Culture  • 

Celebrating Halloween around the world – Mexico’s Dia de Los Muertos

October 28, 2014

Remembering the dead in Mexico is more cheerful than in Europe. Friends and families gather to pray for the deceased and visit the cemeteries, but also hold parades and festivals. A distinctive Mexican tradition is building ofrendas – altars with food, flowers, sugar skulls and gifts for the spirits of the dead. Ofrendas often even include a small water basin and a mirror so the spirit can refresh itself when it arrives at the altar.

Mexican traditions can be traces to pre-Columbian past, when a festival dedicated to the goddess called Lady of the Dead was held. Today La Catrina – an elegantly dressed woman with a face of a skull corresponds to the Aztec goddess and is one of the main symbols of Mexican celebrations. People often paint their faces with skulls and decorate their hair with flowers when they go to the Day of the Dead parades.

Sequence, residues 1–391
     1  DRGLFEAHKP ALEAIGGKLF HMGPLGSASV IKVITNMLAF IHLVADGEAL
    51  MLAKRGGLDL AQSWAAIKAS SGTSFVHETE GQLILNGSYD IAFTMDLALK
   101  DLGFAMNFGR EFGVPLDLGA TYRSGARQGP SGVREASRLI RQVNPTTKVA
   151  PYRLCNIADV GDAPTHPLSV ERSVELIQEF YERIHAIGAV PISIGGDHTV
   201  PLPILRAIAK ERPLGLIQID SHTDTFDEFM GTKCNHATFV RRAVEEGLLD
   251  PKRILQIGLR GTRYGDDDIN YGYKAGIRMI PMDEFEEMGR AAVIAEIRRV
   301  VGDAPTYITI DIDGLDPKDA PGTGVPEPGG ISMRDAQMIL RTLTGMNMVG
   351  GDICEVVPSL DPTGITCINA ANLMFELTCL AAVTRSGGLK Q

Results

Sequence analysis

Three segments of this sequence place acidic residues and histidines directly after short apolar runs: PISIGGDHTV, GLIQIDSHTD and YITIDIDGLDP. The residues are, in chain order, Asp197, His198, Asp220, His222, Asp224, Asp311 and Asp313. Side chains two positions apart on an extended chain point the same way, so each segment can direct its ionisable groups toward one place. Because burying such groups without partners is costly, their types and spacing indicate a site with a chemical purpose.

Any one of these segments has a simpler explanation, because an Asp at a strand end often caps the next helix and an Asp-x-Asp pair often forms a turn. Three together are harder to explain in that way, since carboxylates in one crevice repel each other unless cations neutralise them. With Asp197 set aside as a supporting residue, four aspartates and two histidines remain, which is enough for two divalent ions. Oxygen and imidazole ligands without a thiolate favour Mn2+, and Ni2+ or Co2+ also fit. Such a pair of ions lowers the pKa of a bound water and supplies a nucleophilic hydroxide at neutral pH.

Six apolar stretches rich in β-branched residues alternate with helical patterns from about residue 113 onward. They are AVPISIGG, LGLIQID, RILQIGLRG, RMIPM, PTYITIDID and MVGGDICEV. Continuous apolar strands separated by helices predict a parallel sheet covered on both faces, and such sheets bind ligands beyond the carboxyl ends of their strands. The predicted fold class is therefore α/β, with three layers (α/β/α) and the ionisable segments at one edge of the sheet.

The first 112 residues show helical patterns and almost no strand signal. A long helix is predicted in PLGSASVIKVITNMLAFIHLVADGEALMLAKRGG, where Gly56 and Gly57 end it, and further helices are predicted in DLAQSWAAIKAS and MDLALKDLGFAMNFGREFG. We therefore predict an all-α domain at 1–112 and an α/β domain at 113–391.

Offrenda in San Miguel, Mexico
Photo: David


A parade in Mexico. Photo: Sangroncito


Photo: Juls_22


A Dia de los Muertos parade in Los Angeles.
Photo: Rob Sheridan

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